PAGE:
The abundance and high fertility of Terra Preta suggests that native populations were dense and characterized by sedentary settlement before the arrival of Europeans. Large sedentary populations indicate an extraordinary food production capacity. Building and maintaining Terra Preta must also have absorbed a substantial amount of labour.
- Explore the socio-economic and biophysical (presence of nutrient sources) conditions that gave rise to the development of Terra Preta and validate these through archaeological studies;
- Use geo-information tools (GIS) to understand the spatial extent of Terra Preta over different scale levels; and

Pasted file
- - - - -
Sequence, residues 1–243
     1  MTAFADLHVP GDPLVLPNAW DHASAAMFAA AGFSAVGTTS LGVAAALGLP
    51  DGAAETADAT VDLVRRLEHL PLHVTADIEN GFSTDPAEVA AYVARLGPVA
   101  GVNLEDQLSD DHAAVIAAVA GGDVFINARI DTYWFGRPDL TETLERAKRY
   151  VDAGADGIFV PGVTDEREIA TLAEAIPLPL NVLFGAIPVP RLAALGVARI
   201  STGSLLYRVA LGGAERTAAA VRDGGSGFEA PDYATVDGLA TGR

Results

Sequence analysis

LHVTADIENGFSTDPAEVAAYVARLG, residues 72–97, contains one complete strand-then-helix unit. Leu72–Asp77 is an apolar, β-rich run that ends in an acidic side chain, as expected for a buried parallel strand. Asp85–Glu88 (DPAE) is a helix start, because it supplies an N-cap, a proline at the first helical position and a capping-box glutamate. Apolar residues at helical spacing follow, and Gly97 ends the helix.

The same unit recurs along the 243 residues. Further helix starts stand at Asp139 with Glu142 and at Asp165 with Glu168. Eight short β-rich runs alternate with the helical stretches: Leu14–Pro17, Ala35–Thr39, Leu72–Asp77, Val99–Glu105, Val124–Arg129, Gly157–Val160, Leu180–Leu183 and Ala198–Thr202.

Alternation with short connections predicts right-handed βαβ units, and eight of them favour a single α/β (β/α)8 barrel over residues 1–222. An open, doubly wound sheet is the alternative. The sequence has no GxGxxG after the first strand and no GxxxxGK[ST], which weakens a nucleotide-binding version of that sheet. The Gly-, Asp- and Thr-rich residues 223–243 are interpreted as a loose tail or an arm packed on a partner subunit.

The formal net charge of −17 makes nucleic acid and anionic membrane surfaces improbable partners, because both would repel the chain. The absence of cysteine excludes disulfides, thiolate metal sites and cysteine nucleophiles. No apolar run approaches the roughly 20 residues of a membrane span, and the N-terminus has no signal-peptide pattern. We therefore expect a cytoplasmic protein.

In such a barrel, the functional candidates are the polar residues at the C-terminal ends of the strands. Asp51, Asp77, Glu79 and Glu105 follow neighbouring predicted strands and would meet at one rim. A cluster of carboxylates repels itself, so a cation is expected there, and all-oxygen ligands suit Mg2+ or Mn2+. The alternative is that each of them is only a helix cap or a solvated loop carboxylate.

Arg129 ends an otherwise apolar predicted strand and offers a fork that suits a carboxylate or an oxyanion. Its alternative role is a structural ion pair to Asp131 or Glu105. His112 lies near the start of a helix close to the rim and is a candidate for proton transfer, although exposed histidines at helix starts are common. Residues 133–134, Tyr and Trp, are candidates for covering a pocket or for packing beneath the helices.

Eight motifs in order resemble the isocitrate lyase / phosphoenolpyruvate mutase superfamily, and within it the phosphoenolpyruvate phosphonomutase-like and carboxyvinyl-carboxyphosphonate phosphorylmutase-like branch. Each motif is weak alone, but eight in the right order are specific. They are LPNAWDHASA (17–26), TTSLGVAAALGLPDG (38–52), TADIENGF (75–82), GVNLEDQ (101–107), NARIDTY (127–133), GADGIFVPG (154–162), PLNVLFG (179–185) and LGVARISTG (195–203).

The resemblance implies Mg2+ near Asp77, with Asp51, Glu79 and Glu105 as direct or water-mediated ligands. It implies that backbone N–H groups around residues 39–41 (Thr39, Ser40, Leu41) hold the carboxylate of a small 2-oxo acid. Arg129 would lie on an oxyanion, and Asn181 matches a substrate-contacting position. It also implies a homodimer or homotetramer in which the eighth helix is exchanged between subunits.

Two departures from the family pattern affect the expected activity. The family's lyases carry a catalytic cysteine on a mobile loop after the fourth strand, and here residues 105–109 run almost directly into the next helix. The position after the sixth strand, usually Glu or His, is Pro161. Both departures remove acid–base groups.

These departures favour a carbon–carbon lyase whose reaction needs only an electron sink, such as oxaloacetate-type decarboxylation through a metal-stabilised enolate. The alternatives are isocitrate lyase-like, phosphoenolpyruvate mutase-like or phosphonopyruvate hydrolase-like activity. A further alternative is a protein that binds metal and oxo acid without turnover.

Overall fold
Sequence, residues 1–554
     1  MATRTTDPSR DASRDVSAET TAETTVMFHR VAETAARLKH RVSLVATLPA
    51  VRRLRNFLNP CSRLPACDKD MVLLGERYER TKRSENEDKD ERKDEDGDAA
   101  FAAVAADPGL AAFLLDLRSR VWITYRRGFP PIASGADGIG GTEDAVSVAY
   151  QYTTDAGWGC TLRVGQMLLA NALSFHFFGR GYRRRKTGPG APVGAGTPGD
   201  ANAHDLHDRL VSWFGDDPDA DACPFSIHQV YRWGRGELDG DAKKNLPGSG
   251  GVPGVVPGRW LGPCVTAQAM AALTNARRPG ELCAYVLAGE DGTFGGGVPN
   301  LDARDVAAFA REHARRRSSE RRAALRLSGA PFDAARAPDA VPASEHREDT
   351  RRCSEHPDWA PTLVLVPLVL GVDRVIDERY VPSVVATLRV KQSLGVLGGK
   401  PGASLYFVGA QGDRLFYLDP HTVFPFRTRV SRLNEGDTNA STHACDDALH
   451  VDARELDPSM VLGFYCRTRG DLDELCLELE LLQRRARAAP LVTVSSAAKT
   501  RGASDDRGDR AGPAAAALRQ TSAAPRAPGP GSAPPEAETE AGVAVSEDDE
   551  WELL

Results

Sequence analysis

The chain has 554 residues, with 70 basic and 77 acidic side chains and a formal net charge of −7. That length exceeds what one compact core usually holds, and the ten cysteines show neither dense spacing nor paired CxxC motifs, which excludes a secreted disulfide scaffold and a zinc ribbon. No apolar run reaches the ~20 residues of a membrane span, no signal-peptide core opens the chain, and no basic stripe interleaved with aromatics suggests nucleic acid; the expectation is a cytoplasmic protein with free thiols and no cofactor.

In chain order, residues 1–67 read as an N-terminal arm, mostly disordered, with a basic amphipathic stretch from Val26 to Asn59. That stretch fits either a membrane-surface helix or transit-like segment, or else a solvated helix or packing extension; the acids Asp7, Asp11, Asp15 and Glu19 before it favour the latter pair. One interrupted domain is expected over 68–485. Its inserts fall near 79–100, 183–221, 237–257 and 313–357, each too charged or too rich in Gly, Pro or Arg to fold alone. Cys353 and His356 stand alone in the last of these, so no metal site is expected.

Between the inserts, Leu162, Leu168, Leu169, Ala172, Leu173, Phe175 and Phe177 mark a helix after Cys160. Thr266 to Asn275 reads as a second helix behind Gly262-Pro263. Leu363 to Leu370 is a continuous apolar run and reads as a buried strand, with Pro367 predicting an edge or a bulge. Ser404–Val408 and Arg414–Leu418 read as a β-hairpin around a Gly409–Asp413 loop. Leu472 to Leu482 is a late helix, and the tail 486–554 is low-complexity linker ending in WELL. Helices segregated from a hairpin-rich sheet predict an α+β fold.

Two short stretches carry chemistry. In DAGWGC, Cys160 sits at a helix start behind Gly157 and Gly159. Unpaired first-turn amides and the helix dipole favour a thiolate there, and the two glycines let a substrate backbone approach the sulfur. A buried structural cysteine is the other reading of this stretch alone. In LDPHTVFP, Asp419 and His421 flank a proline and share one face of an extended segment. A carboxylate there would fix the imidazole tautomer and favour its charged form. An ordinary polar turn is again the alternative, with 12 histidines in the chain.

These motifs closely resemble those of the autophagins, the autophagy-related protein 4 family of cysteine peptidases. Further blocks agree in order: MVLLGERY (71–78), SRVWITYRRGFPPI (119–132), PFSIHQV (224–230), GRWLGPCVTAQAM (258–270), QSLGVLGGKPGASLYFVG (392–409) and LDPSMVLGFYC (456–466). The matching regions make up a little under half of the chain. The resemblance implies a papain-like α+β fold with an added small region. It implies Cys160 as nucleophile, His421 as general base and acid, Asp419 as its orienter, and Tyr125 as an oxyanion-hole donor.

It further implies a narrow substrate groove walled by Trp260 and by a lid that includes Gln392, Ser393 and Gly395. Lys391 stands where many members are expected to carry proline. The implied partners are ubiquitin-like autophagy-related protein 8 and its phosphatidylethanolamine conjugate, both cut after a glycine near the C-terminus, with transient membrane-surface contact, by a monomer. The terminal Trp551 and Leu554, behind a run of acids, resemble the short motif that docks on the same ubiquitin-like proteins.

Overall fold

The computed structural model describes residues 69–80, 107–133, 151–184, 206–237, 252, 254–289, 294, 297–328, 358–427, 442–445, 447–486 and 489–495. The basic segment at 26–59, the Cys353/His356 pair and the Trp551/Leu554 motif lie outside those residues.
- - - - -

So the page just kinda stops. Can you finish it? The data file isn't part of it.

- To derive implications for current efforts to invest in new fertile soils that allow sustainable and productive agriculture (Terra Preta Nova). The socio-economic underpinnings will be analyzed with aid of dynamic simulation models that integrate human behaviour and technological innovations, population dynamics, and environmental change. Starting from micro-foundations (individual decision-making), such models indicate under what conditions societies are likely able to coordinate their efforts and overcome incentives of individuals to ‘free ride’. Understanding past human impacts could help predict results of current changes and propose new policy directions. The insights of this project will not only allow comparison of the implications of competing theories on the origins of Terra Preta, and guide the search for new archaeological evidence, but also assist contemporary initiatives to invest in soil improvement. Together with research topic #7 it will study the quantities of inputs to reconstruct 3-D models of Terra Preta (spatial extent, depth).